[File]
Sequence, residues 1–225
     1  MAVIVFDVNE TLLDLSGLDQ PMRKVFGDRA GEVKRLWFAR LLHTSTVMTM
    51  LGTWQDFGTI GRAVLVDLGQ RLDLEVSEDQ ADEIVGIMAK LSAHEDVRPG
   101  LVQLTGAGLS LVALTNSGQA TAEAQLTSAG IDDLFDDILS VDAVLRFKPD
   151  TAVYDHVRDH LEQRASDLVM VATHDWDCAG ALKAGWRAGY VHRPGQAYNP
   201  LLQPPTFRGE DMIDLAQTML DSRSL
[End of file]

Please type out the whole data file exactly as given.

Sequence, residues 1–225
     1  MAVIVFDVNE TLLDLSGLDQ PMRKVFGDRA GEVKRLWFAR LLHTSTVMTM
    51  LGTWQDFGTI GRAVLVDLGQ RLDLEVSEDQ ADEIVGIMAK LSAHEDVRPG
   101  LVQLTGAGLS LVALTNSGQA TAEAQLTSAG IDDLFDDILS VDAVLRFKPD
   151  TAVYDHVRDH LEQRASDLVM VATHDWDCAG ALKAGWRAGY VHRPGQAYNP
   201  LLQPPTFRGE DMIDLAQTML DSRSL